Forecasters at Colorado State University (CSU) are indicating another stormy Atlantic hurricane season for 2021 with an estimated 17 named storms, or cyclones that boast winds of at least 39 mph. Of those named storms, CSU scientists believe 8 will become hurricanes (winds of at least 74 mph), and half of those will spin up into major hurricanes with winds of at least 111 mph. The average number of named storms between 1981–2010, a key CSU forecast parameter, was just over 12, with just over 6 becoming hurricanes and just under 3 strengthening into major hurricanes. "We anticipate that the 2021 Atlantic basin hurricane season will have above-normal activity," the 8 April 8 forecast read. "Current weak La Niña conditions may transition to neutral ENSO (El Niño–Southern Oscillation) by this summer/fall, but the odds of a significant El Niño seem unlikely. Sea surface temperatures averaged across the tropical Atlantic are currently near average, while subtropical Atlantic Sea surface temperatures are warmer than normal. We anticipate an above-average probability for major hurricanes making landfall along the continental United States coastline and in the Caribbean."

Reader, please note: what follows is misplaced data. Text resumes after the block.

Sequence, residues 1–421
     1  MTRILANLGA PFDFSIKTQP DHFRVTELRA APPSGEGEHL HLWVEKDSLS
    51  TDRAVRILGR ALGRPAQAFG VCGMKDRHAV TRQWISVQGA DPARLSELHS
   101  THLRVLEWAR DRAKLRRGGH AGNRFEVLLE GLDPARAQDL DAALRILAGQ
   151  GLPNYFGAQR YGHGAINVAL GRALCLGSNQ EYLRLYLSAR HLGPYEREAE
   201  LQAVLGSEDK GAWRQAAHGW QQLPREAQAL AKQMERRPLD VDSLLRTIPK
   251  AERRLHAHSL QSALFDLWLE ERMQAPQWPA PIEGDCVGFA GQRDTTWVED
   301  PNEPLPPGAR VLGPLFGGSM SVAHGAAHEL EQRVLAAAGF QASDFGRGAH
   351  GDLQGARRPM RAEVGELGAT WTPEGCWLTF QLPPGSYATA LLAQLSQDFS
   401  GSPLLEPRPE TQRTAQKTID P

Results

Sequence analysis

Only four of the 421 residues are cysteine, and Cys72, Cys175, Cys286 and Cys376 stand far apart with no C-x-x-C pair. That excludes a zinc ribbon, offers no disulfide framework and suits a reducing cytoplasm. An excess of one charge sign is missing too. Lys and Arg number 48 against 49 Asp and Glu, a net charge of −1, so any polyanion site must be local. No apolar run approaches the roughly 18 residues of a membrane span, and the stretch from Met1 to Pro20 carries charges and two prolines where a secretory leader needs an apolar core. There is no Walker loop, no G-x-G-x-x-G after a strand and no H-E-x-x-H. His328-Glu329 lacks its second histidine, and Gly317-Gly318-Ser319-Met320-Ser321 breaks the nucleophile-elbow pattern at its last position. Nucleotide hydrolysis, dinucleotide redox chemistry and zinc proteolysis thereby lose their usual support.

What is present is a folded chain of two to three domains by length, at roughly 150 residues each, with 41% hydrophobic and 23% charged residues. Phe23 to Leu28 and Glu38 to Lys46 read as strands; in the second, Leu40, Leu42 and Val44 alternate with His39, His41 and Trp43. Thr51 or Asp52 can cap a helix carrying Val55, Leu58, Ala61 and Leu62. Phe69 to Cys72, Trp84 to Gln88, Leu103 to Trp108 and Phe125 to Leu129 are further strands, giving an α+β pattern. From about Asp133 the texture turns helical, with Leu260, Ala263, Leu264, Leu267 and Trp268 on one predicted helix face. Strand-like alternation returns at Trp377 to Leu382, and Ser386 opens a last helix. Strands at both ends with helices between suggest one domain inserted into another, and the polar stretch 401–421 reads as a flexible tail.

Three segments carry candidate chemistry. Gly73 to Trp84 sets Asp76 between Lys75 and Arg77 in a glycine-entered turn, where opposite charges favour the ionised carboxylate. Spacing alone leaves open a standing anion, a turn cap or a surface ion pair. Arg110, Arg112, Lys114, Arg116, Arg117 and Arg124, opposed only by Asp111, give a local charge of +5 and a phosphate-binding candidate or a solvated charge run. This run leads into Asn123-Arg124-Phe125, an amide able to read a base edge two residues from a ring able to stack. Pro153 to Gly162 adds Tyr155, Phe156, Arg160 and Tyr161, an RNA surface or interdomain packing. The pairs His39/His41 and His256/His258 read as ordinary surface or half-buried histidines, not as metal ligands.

Hess Corporation announced today it is selling about 78,700 acres of its Bakken Shale position to Enerplus Corporation for $321 million. Oil production from the areas that are part of the deal averaged around 4,500 B/D over the first quarter of the year, Hess said in a statement. Calling the Bakken Shale a "core asset" for the company, CEO John Hess said the majority of the assets being sold off were not going to be drilled on until 2026 which "brings material value forward and further strengthens our cash and liquidity position." Enerplus considers much of the acreage to be Tier 1 and estimates it adds 2 or 3 years to its Bakken development runway, giving it an estimated 10 years' worth of drilling locations in the region. At current oil prices, Enerplus said the Tier 1 acreage and other areas amount to 120 undrilled locations.